“It is difficult to paint our bodies. We have to stay awake all night [to do it],” says Ayush Nayak who is applying oil paints on his body for the first time. “My body feels like it’s burning. So, we have to dry the paint as soon as possible,” says the 17-year-old.
Ayush is one of many young boys and girls in coastal Karnataka who paint their bodies in brightly coloured stripes in preparation for pili vesha (also known as huli vesha ), a folk dance performed during the festivals of Dussehra and Janmashtami. During the performance they growl and dance wearing tiger masks as loud drums reverberate around them.
Pili refers to a tiger and vesha is make-up in Tulu, a language spoken on the coast of Karnataka. “You don't need to learn anything from anyone. This is in our soul,” says Virendra Shettigar who has been performing pili vesha for the last 22 years. “The sounds of the drums and the energy around will make you dance to the beats,” he adds. The 30-year-old works as a distributor at Amazon and encourages young people from his village to perform.
The dancers paint themselves all over in yellow and brown stripes of acrylic paint to resemble tigers, leopards and panthers. Earlier charcoal, mud, roots and fungi were the sources of the vibrant body paint on the tiger dancers.
Over the years, the traditional steps in this dance routine have become acrobatic with more emphasis on stunts such as forward and reverse flips, breaking coconuts with one’s head, fire breathing and more. And the choreography is so physically demanding that older folks have left it to the young to carry on this traditional dance.
Preparation for this traditional dance begins a day before the performance. The painting of bodies and faces requires hours of labour, and is kept on for a couple of days until the festivities are over. “At first, this feels difficult. But after hearing the sounds of the drums, you feel like dancing to the beats,” says Ayush who is completing his Class 12 studies.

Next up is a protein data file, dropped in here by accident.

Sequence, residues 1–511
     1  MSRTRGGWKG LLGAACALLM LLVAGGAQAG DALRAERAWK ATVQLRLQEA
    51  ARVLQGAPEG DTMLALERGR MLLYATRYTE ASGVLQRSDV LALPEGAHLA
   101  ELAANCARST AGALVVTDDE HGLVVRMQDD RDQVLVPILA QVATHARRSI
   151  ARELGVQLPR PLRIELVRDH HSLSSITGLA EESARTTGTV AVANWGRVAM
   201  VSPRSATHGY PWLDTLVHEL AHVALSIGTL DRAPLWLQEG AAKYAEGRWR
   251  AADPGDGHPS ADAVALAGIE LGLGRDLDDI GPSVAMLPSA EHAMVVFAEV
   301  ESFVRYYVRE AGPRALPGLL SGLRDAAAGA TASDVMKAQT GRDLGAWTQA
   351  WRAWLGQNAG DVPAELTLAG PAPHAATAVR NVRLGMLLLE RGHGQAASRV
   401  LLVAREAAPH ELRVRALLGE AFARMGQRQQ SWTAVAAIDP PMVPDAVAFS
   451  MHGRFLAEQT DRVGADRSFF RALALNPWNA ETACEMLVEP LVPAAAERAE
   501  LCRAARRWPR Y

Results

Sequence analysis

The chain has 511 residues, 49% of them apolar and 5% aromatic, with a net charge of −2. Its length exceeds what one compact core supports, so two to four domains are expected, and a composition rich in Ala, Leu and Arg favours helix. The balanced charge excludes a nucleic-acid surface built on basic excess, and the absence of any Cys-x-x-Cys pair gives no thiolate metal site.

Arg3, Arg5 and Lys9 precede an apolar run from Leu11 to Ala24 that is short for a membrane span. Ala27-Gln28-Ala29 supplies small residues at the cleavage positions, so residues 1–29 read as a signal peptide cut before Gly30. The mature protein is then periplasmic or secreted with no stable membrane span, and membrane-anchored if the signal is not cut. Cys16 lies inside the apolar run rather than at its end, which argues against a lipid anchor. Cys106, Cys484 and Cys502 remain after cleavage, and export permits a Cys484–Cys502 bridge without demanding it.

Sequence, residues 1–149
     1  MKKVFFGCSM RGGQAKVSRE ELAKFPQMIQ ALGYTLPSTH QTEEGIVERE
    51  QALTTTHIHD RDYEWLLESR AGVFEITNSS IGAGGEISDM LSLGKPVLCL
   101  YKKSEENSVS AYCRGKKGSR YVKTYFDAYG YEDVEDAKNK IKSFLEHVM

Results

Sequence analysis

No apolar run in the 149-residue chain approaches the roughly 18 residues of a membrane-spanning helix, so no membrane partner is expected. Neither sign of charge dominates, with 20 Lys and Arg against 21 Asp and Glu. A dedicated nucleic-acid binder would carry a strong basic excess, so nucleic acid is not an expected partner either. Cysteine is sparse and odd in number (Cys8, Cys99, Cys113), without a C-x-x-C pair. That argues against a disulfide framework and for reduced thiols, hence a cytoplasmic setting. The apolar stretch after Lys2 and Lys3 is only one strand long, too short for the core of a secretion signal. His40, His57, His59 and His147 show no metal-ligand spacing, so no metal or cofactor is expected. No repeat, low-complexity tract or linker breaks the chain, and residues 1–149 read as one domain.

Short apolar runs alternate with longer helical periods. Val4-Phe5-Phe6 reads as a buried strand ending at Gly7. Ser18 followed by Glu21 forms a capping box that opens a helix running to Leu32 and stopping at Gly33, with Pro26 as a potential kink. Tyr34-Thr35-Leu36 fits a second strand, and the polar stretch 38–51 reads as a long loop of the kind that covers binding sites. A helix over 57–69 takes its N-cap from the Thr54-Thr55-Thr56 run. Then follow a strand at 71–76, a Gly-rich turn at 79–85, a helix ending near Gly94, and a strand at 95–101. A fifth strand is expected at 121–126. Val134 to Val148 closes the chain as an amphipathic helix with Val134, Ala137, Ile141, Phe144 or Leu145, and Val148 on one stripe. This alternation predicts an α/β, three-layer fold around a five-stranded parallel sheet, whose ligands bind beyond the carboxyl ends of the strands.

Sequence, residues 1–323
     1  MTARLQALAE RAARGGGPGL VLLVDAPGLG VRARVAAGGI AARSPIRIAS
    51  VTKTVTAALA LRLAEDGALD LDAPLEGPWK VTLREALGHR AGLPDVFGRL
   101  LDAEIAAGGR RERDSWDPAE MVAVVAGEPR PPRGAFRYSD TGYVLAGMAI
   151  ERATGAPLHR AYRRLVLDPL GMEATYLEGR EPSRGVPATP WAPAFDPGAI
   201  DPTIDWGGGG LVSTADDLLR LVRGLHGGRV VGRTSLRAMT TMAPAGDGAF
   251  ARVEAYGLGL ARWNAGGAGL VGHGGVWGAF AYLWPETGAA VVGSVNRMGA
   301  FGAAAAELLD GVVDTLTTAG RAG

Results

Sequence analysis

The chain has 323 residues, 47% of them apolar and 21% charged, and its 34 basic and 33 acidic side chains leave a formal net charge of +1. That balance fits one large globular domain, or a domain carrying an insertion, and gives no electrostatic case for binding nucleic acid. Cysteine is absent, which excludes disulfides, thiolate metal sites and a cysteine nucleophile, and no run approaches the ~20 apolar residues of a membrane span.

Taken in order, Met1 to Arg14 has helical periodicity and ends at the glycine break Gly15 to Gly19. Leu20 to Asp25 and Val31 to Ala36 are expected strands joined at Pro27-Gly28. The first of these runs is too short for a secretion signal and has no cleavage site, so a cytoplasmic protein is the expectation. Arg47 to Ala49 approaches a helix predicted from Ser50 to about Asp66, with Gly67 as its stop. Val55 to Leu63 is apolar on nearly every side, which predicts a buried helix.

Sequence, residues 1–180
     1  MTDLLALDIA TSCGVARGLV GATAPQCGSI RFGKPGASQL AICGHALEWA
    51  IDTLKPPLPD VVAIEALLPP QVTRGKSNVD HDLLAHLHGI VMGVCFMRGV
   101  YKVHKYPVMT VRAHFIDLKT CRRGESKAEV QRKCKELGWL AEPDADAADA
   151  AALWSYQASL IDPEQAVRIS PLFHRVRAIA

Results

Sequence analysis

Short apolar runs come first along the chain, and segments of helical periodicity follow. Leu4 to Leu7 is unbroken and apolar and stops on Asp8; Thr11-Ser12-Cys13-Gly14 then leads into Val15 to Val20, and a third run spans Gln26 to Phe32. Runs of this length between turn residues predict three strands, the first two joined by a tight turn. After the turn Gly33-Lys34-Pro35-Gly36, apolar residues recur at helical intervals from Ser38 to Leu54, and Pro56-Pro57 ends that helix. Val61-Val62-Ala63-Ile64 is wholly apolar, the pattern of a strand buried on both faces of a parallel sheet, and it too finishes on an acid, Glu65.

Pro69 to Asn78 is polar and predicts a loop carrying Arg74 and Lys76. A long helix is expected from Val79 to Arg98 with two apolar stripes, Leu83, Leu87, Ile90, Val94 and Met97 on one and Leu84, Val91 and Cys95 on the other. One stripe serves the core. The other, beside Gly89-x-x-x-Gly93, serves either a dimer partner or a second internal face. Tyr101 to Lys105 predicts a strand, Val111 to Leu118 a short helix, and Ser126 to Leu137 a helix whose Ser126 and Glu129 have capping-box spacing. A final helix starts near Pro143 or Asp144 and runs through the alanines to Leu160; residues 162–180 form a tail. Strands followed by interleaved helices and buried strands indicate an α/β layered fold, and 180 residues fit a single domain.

Set to the resonating beats of the tase (drum), people painted as pili , dance to show their reverence as well as entertain people. While the boys paint their bodies to keep the tiger resemblance intact, the girls only get their faces painted and put on a tiger costume made of cotton. The participation of girls in pili vesha has increased only in recent times.
Performing groups were earlier awarded rice and paddy – crops that are commonly grown in coastal Karnataka – for their show. Today money has replaced foodgrains. Each performer can earn about Rs. 2,500 for two days. The dancer who performs stunts earns an extra Rs. 6,000 for both days of the celebration. “After seeing so many people dance, you automatically feel like performing pili vesha ,” adds Ayush.
Shows are usually organised by committees of housing colonies. Ayush and his teammates are from the Yuva Tigers Manchi group who fund pili vesha celebrations throughout the year in Manipal, Udupi. Over two lakh rupees is required to organise the performances, and it goes to pay for painters and dancers. The expenses of travel, meals, paint supplies and costumes are also met by these funds.
Although public entertainment is a priority for the dancers, the performance adheres to a number of norms to preserve the discipline of this supposedly centuries-old tradition. At the end of the day, “our bodies hurt a lot, but we do it to entertain people and keep this tradition alive,” says Ayush.